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Consti Bayan v Romulo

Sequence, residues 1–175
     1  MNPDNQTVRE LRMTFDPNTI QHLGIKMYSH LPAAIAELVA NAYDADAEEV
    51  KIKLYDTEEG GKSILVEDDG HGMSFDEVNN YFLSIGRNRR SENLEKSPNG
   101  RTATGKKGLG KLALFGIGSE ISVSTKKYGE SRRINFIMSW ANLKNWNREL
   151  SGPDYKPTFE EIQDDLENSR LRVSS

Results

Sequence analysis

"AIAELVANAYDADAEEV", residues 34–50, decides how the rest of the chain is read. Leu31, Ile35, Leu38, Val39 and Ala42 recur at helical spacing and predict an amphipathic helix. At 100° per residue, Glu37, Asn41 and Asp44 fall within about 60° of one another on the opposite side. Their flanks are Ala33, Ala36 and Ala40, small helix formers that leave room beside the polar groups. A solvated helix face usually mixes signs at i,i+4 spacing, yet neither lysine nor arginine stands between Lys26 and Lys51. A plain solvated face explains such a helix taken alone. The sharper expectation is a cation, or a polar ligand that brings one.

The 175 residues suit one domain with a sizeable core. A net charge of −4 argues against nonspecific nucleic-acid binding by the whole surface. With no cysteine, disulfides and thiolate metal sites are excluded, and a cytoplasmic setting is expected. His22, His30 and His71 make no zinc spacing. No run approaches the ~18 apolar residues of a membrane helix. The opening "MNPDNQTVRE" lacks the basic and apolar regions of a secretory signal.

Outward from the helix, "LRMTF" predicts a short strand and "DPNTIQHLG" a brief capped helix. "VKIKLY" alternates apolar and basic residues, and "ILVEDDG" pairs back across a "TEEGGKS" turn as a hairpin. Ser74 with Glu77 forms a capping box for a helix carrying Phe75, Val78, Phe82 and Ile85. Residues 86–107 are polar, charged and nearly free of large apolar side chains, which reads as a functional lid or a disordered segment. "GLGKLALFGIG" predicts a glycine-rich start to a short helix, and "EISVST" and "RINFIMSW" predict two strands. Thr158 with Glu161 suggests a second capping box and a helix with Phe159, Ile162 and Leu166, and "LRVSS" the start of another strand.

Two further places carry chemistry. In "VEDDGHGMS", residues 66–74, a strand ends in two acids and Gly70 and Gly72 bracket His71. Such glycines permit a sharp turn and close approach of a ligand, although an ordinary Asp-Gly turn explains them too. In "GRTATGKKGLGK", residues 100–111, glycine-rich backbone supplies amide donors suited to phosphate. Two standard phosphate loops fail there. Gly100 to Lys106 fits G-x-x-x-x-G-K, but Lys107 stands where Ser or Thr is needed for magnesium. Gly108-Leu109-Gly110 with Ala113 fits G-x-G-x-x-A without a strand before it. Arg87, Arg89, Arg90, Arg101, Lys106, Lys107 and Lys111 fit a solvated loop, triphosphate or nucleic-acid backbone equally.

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  Bayan Muna vs RomuloG. R. No. 159618, February 01, 2011Facts:Peoner Bayan Muna is a duly registered party-list group established to represent the marginalized sectors of society. Respondent Blas F. Ople, now deceased, was the Secretary of Foreign Aairs during the period material to this case. Respondent Alberto Romulo was impleaded in his capacity as then Execuve Secretary.Rome Statute of the Internaonal Criminal CourtHaving a key determinave bearing on this case is the Rome Statute establishing the Internaonal Criminal Court (ICC) with “the power to exercise its jurisdicon over persons for the most serious crimes of internaonal concern x x x and shall be complementary to the naonal criminal jurisdicons.” The serious crimes adverted to cover those considered grave under internaonal law, such as genocide, crimes against humanity, war crimes, and crimes of aggression.On December 28, 2000, the RP, through Charge d’Aaires Enrique A. Manalo, signed the Rome Statute which, by its terms, is “subject to racaon, acceptance or approval” by the signatory states. As of the ling of the instant peon, only 92 out of the 139 signatory countries appear to have completed the racaon, approval and concurrence process. The Philippines is not among the 92.RP-US Non-Surrender AgreementOn May 9, 2003, then Ambassador Francis J. Ricciardone sent US Embassy Note No. 0470 to the Department of Foreign Aairs (DFA) proposing the terms of the non-surrender bilateral agreement (Agreement, hereinaer) between the USA and the RP.Via Exchange of Notes No. BFO-028-037 dated May 13, 2003 (E/N BFO-028-03, hereinaer), the RP, represented by then DFA Secretary Ople, agreed with and accepted the US proposals embodied under the US Embassy Note adverted to and put in eect the Agreement with the US government. In esse, the Agreement aims to protect what it refers to and denes as “persons” of the RP and US from frivolous and harassment suits that might be brought against them in internaonal tribunals.8 It is reecve of the increasing pace of the strategic security and defense partnership between the two countries. As of May 2, 2003, similar bilateral agreements have been eected by and between the US and 33 other countries.The Agreement pernently provides as follows:1. For purposes of this Agreement, “persons” are current or former Government ocials, employees (including contractors), or military personnel or naonals of one Party.2. Persons of one Party present in the territory of the other shall not, absent the express consent of the rst Party,  (a) be surrendered or transferred by any means to any internaonal tribunal for any purpose, unless such tribunal has been established by the UN Security Council, or(b) be surrendered or transferred by any means to any other enty or third country, or expelled to a third country, for the purpose of surrender to or transfer to any internaonal tribunal, unless such tribunal has been established by the UN Security Council.3. When the [US] extradites, surrenders, or otherwise transfers a person of the Philippines to a third country, the [US] will not agree to the surrender or transfer of that person by the third country to any internaonal tribunal, unless such tribunal has been established by the UN Security Council, absent the express consent of the Government of the Republic of the Philippines [GRP].4. When the [GRP] extradites, surrenders, or otherwise transfers a person of the [USA] to a third country,the [GRP] will not agree to the surrender or transfer of that person by the third country to any internaonal tribunal, unless such tribunal has been established by the UN Security Council, absent the express consent of the Government of the [US].5. This Agreement shall remain in force unl one year aer the date on which one party noes the other of its intent to terminate the Agreement. The provisions of this Agreement shall connue to apply with respect to any act occurring, or any allegaon arising, before the eecve date of terminaon.In response to a query of then Solicitor General Alfredo L. Benipayo on the status of the non-surrender agreement, Ambassador Ricciardone replied in his leer of October 28, 2003 that the exchange of diplomac notes constuted a legally binding agreement under internaonal law; and that, under US law, the said agreement did not require the advice and consent of the US Senate.In this proceeding, peoner imputes grave abuse of discreon to respondents in concluding and rafying the Agreement and prays that it be struck down as unconstuonal, or at least declared as without force and eect.Issue: Whether or not the RP-US NON SURRENDER AGREEMENT is void ab inio for contracng obligaons thatare either immoral or otherwise at variance with universally recognized principles of internaonal law.Ruling: The peon is bere of merit.Validity of the RP-US Non-Surrender AgreementPeoner’s inial challenge against the Agreement relates to form, its threshold posture being that E/N BFO-028-03 cannot be a valid medium for concluding the Agreement.  Peoners’ contenon––perhaps taken unaware of certain well-recognized internaonal doctrines, pracces, and jargons––is untenable. One of these is the doctrine of incorporaon, as expressed in Secon 2, Arcle II of the Constuon, wherein the Philippines adopts the generally accepted principles of internaonal law and internaonal jurisprudence as part of the law of the land and adheres to the policy of peace, cooperaon, and amity with all naons. An exchange of notes falls “into the category of inter-governmental agreements,” which is an internaonally accepted form of internaonal agreement. The United Naons Treaty Collecons (Treaty Reference Guide) denes the term as follows:An “exchange of notes” is a record of a roune agreement, that has many similaries with the private law contract. The agreement consists of the exchange of two documents, each of the pares being in thepossession of the one signed by the representave of the other. Under the usual procedure, the accepng State repeats the text of the oering State to record its assent. The signatories of the leers may be government Ministers, diplomats or departmental heads. The technique of exchange of notes is frequently resorted to, either because of its speedy procedure, or, somemes, to avoid the process of legislave approval.In another perspecve, the terms “exchange of notes” and “execuve agreements” have been used interchangeably, exchange of notes being considered a form of execuve agreement that becomes binding through execuve acon. On the other hand, execuve agreements concluded by the President “somemes take the form of exchange of notes and at other mes that of more formal documents denominated ‘agreements’ or ‘protocols.’” As former US High Commissioner to the Philippines Francis B. Sayre observed in his work, The Constuonality of Trade Agreement Acts:The point where ordinary correspondence between this and other governments ends and agreements – whether denominated execuve agreements or exchange of notes or otherwise – begin, may somemesbe dicult of ready ascertainment. x x xIt is fairly clear from the foregoing disquision that E/N BFO-028-03––be it viewed as the Non-Surrender Agreement itself, or as an integral instrument of acceptance thereof or as consent to be bound––is a recognized mode of concluding a legally binding internaonal wrien contract among naons.Agreement Not Immoral/Not at Variance with Principles of Internaonal LawPeoner urges that the Agreement be struck down as void ab inio for imposing immoral obligaons and/or being at variance with allegedly universally recognized principles of internaonal law. The immoral aspect proceeds from the fact that the Agreement, as peoner would put it, “leaves criminals immune from responsibility for unimaginable atrocies that deeply shock the conscience of humanity; x x x it precludes our country from delivering an American criminal to the [ICC] x x x.”63The above argument is a kind of recycling of peoner’s earlier posion, which, as already discussed, contends that the RP, by entering into the Agreement, virtually abdicated its sovereignty and in the  process undermined its treaty obligaons under the Rome Statute, contrary to internaonal law principles.The Court is not persuaded. Suce it to state in this regard that the non-surrender agreement, as aptly described by the Solicitor General, “is an asseron by the Philippines of its desire to try and punish crimes under its naonal law. x x x The agreement is a recognion of the primacy and competence of thecountry’s judiciary to try oenses under its naonal criminal laws and dispense jusce fairly and  judiciously.”Peoner, we believe, labors under the erroneous impression that the Agreement would allow Filipinos and Americans comming high crimes of internaonal concern to escape criminal trial and punishment. This is manifestly incorrect. Persons who may have commied acts penalized under the Rome Statute can be prosecuted and punished in the Philippines or in the US; or with the consent of the RP or the US, before the ICC, assuming, for the nonce, that all the formalies necessary to bind both countries to the Rome Statute have been met. For perspecve, what the Agreement contextually prohibits is the surrender by either party of individuals to internaonal tribunals, like the ICC, without the consent of theother party, which may desire to prosecute the crime under its exisng laws. With the view we take of things, there is nothing immoral or violave of internaonal law concepts in the act of the Philippines of assuming criminal jurisdicon pursuant to the non-surrender agreement over an oense considered criminal by both Philippine laws and the Rome Statute.